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Mariners let game, series slip away

Mariners starter James Paxton suffered the first loss of his major league career. (Associated Press)
Mariners starter James Paxton suffered the first loss of his major league career. (Associated Press)

PHILADELPHIA – It was a game the Mariners probably should have won and a series they needed to win.

Instead, they left Philadelphia shaking their heads in frustration having made minimal progress in the race for the postseason in the past three games.

Wednesday’s 4-3 loss to the Phillies was a game that was there to be won and Seattle failed, thanks to a series of mistakes and missed opportunities.

“I feel like we gave the game away,” outfielder/first baseman Logan Morrison said. “We had opportunities early. Errors, passed balls, wild pitches, whatever, it feels like we gave them all four runs.”

The season is winding down, and the Mariners are playing for the postseason. The 126th game of the season was a loss and it should have been a win.

“It still hurts and it still sucks,” Morrison said. “When the opportunity is there, you have to take advantage of it. And we didn’t do that today.”

Instead, the Mariners dropped two of three to a Phillies team that is 56-71 with the destination being 90-plus losses. It’s a team Seattle should beat two out of three games, not lose two out of three.

“We know where we are at in the race,” Morrison said. “Good teams don’t do that. Playoff teams don’t do that. We have to come out and be better. We have been, and we will.”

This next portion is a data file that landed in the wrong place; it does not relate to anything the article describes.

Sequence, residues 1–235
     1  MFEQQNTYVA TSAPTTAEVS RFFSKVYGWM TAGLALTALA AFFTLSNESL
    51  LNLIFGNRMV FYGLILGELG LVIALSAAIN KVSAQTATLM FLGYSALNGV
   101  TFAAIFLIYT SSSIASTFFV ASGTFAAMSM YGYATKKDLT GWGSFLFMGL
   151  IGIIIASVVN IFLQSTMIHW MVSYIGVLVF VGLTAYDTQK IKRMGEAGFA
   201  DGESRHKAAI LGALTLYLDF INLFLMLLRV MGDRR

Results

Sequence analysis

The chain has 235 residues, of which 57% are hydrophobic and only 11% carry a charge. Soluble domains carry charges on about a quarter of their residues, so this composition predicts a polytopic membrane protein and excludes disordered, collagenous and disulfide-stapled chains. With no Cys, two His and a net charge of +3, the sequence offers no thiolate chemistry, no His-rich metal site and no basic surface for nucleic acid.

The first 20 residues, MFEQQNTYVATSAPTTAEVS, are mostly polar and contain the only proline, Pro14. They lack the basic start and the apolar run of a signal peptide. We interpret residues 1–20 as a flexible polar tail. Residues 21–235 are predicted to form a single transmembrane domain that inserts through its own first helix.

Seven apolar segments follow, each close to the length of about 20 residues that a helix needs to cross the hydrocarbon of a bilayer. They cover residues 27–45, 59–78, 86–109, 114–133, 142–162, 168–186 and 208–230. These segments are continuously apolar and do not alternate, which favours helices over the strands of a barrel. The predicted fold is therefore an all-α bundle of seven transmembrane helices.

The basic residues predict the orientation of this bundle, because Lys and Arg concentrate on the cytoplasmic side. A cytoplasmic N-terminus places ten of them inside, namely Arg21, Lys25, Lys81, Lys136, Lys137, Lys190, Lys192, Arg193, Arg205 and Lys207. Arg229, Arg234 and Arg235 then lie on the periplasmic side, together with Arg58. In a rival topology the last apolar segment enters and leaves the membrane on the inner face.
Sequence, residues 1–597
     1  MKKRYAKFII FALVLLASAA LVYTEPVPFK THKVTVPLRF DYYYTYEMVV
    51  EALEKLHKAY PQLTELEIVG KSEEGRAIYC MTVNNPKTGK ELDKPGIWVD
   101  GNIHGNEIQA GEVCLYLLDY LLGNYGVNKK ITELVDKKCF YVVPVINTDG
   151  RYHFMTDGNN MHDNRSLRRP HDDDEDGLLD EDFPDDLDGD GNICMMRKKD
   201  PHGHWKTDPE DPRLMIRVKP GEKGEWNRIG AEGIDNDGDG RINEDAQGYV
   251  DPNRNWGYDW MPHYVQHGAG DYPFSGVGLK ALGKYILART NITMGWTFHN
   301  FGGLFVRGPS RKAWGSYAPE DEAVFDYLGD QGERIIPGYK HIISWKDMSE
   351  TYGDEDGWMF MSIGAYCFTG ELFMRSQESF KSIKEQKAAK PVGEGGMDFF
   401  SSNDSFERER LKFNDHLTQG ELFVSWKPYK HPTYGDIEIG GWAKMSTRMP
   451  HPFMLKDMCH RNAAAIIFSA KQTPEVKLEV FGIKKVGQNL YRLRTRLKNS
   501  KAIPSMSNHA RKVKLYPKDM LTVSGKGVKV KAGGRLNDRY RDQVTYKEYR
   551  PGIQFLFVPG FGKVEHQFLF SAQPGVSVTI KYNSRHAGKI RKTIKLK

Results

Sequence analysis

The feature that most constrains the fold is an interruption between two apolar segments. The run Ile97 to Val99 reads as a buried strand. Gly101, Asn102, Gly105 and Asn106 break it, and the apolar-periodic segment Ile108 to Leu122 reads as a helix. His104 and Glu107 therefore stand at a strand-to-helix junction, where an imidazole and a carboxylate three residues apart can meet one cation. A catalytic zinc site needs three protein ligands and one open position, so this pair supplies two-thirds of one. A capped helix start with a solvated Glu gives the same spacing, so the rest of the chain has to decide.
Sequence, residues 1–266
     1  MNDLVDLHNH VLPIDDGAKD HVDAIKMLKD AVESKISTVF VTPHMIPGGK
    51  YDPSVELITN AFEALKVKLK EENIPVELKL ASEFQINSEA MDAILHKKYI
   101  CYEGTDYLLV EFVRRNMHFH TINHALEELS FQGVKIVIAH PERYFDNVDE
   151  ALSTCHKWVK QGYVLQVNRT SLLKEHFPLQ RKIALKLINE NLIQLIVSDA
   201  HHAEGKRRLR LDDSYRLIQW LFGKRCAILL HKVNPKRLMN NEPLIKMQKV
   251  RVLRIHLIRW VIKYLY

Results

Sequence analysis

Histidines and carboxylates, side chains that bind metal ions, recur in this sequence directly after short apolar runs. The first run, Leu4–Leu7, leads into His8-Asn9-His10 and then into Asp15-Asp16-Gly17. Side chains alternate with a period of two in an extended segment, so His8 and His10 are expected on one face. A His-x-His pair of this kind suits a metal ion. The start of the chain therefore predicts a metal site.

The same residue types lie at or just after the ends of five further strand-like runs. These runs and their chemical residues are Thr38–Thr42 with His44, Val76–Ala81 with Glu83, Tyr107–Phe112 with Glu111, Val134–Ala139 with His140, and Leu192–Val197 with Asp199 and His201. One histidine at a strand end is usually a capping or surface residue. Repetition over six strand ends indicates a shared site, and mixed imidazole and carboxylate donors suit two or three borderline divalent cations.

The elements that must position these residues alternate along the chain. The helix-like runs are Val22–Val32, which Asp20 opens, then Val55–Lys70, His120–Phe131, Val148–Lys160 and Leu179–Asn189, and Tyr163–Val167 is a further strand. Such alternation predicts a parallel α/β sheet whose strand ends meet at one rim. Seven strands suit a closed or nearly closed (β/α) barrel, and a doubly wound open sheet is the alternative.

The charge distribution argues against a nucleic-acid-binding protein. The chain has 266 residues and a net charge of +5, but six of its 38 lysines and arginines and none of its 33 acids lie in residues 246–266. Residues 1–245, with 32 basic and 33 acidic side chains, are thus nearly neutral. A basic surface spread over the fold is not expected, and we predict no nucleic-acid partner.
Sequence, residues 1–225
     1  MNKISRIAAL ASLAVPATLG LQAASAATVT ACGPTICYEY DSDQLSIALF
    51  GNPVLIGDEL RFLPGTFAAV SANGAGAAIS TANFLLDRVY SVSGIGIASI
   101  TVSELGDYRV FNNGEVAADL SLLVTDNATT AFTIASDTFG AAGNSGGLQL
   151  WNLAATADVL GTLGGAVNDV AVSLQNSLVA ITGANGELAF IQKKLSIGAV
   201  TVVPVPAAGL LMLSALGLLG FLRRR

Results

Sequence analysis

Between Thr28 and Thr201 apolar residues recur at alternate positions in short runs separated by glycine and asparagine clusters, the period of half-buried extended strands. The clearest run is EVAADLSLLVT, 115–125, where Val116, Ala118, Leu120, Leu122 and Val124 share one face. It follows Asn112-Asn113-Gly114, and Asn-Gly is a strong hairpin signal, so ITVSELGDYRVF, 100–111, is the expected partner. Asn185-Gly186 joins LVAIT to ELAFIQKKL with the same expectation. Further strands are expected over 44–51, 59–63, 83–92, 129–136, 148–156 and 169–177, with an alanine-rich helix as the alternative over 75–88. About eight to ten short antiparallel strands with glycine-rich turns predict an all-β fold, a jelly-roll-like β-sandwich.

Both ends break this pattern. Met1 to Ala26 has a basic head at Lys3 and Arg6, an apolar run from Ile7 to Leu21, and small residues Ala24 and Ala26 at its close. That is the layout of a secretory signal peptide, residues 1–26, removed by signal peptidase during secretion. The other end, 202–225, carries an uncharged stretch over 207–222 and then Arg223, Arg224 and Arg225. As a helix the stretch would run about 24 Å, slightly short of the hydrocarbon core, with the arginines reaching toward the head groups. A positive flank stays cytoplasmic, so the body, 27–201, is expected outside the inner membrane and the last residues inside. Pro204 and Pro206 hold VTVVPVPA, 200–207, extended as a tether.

Manager Lloyd McClendon wasn’t overly angry about the loss. He felt this was an exception to the clean baseball his team has played this season.

“To be honest with you, we’ve been pretty damn good,” McClendon said. “This is the first one we had all year like that. A lot of things just didn’t go right.”

In a game full of ugly innings, the fourth inning was most frustrating for the Mariners and starter James Paxton.

The rookie left-hander had just been given a 3-1 lead in the top of the inning. Paxton (3-1) gave up three runs in the inning thanks to his own throwing error, a passed ball, a wild pitch and lack of command.

“I don’t think he struggled early on,” McClendon said. “Things just got away from him in that one inning. Those things happen. It’s part of the growing pains.”

It led to the first loss of his big-league career. He had been 6-0 in nine starts.

The Mariners had 12 hits, but stranded nine runners and had just two hits in nine at-bats with runners in scoring position.

In the Mariners’ two-run fourth inning, Jesus Sucre missed the sign for a suicide-squeeze bunt, leading to Chris Denorfia getting picked off at third and wasting a chance. In the fifth inning with runners on second and third, Ryan Howard snared Kyle Seager’s line drive down the first-base line, robbing the Mariners of two runs.

“Some days the stars just don’t align,” McClendon said.

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